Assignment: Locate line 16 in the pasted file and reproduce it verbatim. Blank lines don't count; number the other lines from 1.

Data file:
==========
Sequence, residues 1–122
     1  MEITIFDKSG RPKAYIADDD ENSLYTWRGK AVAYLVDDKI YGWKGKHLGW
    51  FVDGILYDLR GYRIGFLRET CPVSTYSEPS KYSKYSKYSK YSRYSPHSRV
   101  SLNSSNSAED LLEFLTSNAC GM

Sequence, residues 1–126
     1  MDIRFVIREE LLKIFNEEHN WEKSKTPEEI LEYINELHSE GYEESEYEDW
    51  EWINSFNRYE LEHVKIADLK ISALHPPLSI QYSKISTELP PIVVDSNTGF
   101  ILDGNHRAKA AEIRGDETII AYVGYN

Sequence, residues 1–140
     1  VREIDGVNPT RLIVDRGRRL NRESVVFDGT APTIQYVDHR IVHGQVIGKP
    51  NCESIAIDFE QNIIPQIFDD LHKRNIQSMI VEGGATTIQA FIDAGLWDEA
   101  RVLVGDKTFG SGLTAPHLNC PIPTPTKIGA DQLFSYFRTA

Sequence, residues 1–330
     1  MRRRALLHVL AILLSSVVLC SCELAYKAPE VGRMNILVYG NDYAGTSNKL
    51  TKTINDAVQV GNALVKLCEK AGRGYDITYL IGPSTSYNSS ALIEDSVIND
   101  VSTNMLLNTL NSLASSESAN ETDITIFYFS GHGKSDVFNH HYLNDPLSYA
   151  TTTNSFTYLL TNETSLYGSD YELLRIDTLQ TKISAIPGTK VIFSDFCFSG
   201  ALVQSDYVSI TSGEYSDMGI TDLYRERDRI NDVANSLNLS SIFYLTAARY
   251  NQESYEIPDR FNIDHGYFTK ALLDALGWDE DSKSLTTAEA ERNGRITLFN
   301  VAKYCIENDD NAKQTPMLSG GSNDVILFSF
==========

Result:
   101  VSTNMLLNTL NSLASSESAN ETDITIFYFS GHGKSDVFNH HYLNDPLSYA